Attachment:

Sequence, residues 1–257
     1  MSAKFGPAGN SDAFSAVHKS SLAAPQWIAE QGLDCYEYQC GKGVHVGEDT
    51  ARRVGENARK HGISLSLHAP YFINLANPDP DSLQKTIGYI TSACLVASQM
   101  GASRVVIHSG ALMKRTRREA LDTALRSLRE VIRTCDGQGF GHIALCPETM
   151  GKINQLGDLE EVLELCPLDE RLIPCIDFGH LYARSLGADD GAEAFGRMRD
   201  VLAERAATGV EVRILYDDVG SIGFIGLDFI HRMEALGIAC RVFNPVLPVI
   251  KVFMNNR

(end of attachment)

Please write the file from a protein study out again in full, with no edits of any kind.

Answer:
Sequence, residues 1–257
     1  MSAKFGPAGN SDAFSAVHKS SLAAPQWIAE QGLDCYEYQC GKGVHVGEDT
    51  ARRVGENARK HGISLSLHAP YFINLANPDP DSLQKTIGYI TSACLVASQM
   101  GASRVVIHSG ALMKRTRREA LDTALRSLRE VIRTCDGQGF GHIALCPETM
   151  GKINQLGDLE EVLELCPLDE RLIPCIDFGH LYARSLGADD GAEAFGRMRD
   201  VLAERAATGV EVRILYDDVG SIGFIGLDFI HRMEALGIAC RVFNPVLPVI
   251  KVFMNNR